发表于 2004-11-26 20:02
Georges Brassens was born in Sète, a small harbour town on the French Mediterranean coast, on October 22 1921. His father, Louis Brassens, a builder and local entrepreneur, married Elvira Dagrosa (recently widowed in the First World War) in 1919 and Georges was brought up with his nine-year-old half-sister, Simone, the child from his mother's previous marriage.|
Although his parents had fundamentally different points of view on many issues including religion (Elvira was an extremely pious woman, whereas Louis was a notorious anti-cleric) Georges grew up in a happy family environment. Music filled the Sète household throughout Georges's childhood. Indeed, his mother, greatly influenced by her Neapolitan origins, had a veritable passion for traditional Italian folk songs and mandolin music. The young Georges was encouraged to play the mandolin from an early age and it was on this instrument that he learnt the simple chords he would later develop on the guitar.
Georges was an average pupil at school, but his French teacher Alphonse Bonnafé (who would go on to write the first Brassens biography in 1963) soon introduced him to poetry, which was to become the young Georges's overwhelming passion in life. Georges soon began writing poems and song lyrics in his spare time, setting these to the fashionable tunes of the day. Georges then went on to form his own group, "Jazz", a small orchestra which performed at local fetes and cultural events. (Georges was the drummer).
By this time Georges had proved that his talents were definitely not related to his school studies. His future was decided for him when, following a theft at his school in the autumn of 1938 (a theft in which Georges was implicated without actually having been involved) he was obliged to leave the school. Georges had already outgrown the small town of Sète anyway and he was thinking of packing his bags and moving to Paris. But when war broke out at the end of the year (an event which did not really affect life in Sète) Georges continued working with his father, delaying his plans for a while. In February 1940, howeevr, he finally arrived in the capital, where he lived with his aunt, Antoinette Dagrosa, for the first few months, and worked at the Renault car factory to earn his living.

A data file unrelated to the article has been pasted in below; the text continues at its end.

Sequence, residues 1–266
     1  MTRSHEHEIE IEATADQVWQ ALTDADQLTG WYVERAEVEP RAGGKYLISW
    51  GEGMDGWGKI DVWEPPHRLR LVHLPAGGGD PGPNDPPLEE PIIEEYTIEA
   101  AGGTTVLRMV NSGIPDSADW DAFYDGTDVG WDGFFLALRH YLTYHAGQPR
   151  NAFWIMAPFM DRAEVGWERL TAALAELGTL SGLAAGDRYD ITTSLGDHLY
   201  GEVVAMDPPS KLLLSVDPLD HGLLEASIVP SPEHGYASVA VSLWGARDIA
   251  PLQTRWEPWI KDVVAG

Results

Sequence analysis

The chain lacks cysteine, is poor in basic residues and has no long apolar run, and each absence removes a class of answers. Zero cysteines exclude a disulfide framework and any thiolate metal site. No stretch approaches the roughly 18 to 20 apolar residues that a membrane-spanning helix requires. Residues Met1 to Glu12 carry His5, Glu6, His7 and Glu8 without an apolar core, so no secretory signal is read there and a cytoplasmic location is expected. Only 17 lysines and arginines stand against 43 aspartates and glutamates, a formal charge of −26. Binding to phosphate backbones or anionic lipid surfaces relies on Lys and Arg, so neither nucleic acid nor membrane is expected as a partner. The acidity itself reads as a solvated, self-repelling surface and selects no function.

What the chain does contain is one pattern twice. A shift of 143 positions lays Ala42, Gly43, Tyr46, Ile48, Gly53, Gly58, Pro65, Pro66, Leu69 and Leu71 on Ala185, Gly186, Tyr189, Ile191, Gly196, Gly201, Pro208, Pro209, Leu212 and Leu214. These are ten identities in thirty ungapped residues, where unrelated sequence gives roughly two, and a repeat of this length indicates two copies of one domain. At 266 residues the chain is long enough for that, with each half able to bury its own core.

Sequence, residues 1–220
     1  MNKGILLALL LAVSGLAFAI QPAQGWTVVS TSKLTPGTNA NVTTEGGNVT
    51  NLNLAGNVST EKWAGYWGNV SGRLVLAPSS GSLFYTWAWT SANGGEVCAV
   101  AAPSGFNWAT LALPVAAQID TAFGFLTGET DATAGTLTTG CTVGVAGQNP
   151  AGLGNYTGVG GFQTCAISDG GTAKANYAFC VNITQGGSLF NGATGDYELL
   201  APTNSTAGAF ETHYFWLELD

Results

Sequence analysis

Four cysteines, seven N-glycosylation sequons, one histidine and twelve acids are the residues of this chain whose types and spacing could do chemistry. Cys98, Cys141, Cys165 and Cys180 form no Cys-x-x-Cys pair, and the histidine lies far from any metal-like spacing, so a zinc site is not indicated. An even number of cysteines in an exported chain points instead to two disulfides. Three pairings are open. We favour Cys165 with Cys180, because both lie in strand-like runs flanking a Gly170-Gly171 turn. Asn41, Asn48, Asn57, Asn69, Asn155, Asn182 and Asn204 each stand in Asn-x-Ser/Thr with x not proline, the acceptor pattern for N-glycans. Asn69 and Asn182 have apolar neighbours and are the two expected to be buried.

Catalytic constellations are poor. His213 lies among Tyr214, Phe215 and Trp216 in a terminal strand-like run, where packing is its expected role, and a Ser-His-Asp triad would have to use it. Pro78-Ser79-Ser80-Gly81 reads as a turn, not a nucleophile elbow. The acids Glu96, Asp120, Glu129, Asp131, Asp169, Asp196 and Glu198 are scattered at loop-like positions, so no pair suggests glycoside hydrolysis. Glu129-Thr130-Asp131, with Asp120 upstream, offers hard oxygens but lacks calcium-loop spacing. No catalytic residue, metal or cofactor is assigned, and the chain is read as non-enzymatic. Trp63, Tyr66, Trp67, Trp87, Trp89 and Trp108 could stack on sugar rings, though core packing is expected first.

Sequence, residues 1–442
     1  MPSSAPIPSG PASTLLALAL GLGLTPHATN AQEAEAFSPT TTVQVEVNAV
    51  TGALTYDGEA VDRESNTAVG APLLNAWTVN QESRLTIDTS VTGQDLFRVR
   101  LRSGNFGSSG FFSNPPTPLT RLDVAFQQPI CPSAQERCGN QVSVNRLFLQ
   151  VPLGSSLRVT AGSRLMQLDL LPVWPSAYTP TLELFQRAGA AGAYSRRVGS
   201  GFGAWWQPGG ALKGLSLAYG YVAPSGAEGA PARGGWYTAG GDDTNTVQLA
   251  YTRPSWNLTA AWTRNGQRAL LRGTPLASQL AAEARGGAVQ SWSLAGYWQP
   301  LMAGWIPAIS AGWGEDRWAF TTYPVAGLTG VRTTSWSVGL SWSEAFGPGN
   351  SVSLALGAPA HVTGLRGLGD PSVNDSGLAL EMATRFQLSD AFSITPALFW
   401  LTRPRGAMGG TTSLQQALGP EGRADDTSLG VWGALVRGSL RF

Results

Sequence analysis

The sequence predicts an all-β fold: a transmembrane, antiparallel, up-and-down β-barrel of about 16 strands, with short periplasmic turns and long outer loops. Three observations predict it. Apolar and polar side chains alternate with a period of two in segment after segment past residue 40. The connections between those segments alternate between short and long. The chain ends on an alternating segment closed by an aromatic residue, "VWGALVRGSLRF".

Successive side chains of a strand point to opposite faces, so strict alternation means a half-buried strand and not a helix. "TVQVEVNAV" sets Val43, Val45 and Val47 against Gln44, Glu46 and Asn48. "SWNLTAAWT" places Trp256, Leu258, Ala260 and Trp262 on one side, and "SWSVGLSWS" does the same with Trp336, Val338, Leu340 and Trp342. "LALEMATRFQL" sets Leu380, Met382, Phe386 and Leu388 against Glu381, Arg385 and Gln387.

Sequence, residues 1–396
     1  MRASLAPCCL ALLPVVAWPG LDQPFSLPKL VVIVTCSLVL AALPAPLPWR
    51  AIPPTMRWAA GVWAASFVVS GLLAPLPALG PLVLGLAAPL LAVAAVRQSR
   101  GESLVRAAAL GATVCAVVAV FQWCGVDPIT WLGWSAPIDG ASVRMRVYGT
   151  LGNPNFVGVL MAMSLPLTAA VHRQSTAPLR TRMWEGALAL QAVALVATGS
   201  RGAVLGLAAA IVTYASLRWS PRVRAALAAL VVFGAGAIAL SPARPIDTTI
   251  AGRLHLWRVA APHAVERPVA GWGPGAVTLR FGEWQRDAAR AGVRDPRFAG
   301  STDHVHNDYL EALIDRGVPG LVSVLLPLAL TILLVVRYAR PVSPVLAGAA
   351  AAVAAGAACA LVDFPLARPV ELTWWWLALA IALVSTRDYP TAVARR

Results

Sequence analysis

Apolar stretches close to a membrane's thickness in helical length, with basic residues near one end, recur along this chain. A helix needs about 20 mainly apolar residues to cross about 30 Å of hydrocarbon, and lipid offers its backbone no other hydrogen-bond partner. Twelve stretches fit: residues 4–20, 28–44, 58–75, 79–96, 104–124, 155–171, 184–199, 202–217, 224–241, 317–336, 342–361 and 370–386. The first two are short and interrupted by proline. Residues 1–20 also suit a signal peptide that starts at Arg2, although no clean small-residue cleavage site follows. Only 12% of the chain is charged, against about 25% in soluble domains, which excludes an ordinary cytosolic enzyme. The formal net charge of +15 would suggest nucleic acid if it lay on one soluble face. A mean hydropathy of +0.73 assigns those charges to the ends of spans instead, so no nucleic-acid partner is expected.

Georges continued writing poetry, however, and he would frequently return from work and sit down at his aunt's piano to compose new songs. When Paris was bombarded later that year he returned to Sète for a few months, but he was back in the capital by September. From this point on Georges devoted all his time and energy to his poetry and by 1942 he had succeeded in publishing two short collections of poems, "A la venvole" and "Des coups d'épée dans l'eau".
In March 1943 Brassens was sent to Germany to work as an S.T.O. (an obligatory war worker) at Basdorf. It was here that Brassens met fellow S.T.O. Pierre Onténiente, who would become one of the singer's lifelong friends. In 1956 Onténiente (whom Brassens who had a penchant for nicknames always referred to as "Gibralter") would become his private secretary and closest confidant.